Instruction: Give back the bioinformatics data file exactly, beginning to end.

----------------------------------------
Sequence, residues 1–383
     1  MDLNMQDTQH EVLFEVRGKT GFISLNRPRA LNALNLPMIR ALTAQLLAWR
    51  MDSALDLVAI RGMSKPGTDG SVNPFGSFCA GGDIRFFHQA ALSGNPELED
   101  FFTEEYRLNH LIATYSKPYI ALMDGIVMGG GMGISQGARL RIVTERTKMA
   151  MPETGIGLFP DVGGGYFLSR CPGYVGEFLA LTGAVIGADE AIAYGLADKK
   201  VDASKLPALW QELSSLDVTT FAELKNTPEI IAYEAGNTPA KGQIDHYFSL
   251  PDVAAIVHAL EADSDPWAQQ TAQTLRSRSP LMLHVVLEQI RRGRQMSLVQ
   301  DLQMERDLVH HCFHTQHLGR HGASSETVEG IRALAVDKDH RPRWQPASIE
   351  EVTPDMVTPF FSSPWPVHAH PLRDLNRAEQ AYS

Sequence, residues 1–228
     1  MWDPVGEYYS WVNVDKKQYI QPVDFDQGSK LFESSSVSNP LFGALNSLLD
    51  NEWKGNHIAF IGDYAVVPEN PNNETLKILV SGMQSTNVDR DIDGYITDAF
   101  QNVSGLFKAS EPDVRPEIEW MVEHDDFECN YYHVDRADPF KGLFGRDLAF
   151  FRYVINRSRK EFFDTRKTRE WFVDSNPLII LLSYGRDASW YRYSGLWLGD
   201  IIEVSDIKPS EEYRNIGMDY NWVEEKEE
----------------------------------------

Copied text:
Sequence, residues 1–383
     1  MDLNMQDTQH EVLFEVRGKT GFISLNRPRA LNALNLPMIR ALTAQLLAWR
    51  MDSALDLVAI RGMSKPGTDG SVNPFGSFCA GGDIRFFHQA ALSGNPELED
   101  FFTEEYRLNH LIATYSKPYI ALMDGIVMGG GMGISQGARL RIVTERTKMA
   151  MPETGIGLFP DVGGGYFLSR CPGYVGEFLA LTGAVIGADE AIAYGLADKK
   201  VDASKLPALW QELSSLDVTT FAELKNTPEI IAYEAGNTPA KGQIDHYFSL
   251  PDVAAIVHAL EADSDPWAQQ TAQTLRSRSP LMLHVVLEQI RRGRQMSLVQ
   301  DLQMERDLVH HCFHTQHLGR HGASSETVEG IRALAVDKDH RPRWQPASIE
   351  EVTPDMVTPF FSSPWPVHAH PLRDLNRAEQ AYS

Sequence, residues 1–228
     1  MWDPVGEYYS WVNVDKKQYI QPVDFDQGSK LFESSSVSNP LFGALNSLLD
    51  NEWKGNHIAF IGDYAVVPEN PNNETLKILV SGMQSTNVDR DIDGYITDAF
   101  QNVSGLFKAS EPDVRPEIEW MVEHDDFECN YYHVDRADPF KGLFGRDLAF
   151  FRYVINRSRK EFFDTRKTRE WFVDSNPLII LLSYGRDASW YRYSGLWLGD
   201  IIEVSDIKPS EEYRNIGMDY NWVEEKEE